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Migration pathways and HIV: Studying prevalence of the disease amongst refugee and non-refugee immigrant mothers in Canada

Toronto, May 9, 2019

By Ana Gajic

Dr. Susitha Wanigaratne
Dr. Susitha Wanigaratne

Refugee mothers who reside in a transitional country prior to coming to Canada are more likely to have HIV compared to refugee mothers who come to Canada directly, suggests a new study published this week in AIDS Care.

Led by Dr. Susitha Wanigaratne, a post-doctoral fellow at the MAP Centre for Urban Health Solutions and ICES, the research aimed to identify whether both refugees and non-refugees who reside in a transition country prior to coming to Canada – known as ‘secondary migrants’ - are more likely to have HIV compared to refugees and non-refugees who come to Canada directly, often called ‘primary migrants.’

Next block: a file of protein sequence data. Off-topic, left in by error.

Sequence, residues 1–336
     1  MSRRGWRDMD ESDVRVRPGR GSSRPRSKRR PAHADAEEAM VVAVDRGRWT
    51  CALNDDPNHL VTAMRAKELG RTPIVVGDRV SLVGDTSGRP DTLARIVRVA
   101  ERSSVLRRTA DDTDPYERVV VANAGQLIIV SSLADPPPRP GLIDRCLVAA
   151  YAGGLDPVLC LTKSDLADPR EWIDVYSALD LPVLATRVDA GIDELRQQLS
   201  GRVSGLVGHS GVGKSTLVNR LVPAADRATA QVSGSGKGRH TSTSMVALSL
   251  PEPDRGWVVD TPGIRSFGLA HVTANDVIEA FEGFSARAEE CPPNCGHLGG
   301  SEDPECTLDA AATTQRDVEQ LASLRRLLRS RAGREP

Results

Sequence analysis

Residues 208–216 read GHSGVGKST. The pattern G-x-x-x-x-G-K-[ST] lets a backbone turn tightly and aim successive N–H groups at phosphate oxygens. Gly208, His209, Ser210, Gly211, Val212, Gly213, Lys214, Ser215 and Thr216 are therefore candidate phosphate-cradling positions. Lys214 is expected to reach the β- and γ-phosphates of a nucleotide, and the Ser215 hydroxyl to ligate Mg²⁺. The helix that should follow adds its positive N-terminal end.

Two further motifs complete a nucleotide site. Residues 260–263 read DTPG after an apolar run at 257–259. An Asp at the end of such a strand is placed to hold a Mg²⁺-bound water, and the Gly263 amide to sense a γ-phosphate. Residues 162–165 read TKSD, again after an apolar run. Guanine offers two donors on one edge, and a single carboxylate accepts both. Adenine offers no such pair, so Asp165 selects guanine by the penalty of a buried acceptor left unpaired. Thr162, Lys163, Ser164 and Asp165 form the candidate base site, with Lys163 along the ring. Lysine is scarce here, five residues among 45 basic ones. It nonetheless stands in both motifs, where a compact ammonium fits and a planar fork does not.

“For refugees who initially seek asylum in a transition country, limited formal and informal social protection may increase the risk of contracting HIV,” Dr. Wanigaratne said. “Non-refugee immigrants who are employed in unskilled and unregulated jobs in transition countries with poor pay and no health benefits may also be at risk of HIV. For both groups, residing in a transition country may be an indicator of prolonged marginalization leading to a higher risk of HIV.”

The research team found that refugees with secondary migration were 68 per cent more likely to have HIV compared to refugees with primary migration. There was no difference between non-refugees with secondary and primary migration.

“This study suggests secondary migration is an important determinant of HIV among refugee women in Canada,” Dr. Wanigaratne said.

It may be beneficial, she suggests, for HIV screening guidelines to include refugee status as an indicator.

“It is important for health-care providers in Canada to be aware of the needs of refugees with secondary migration and address any barriers they may face in accessing HIV treatment, care and support stemming from HIV-related stigma and discrimination,” she said.


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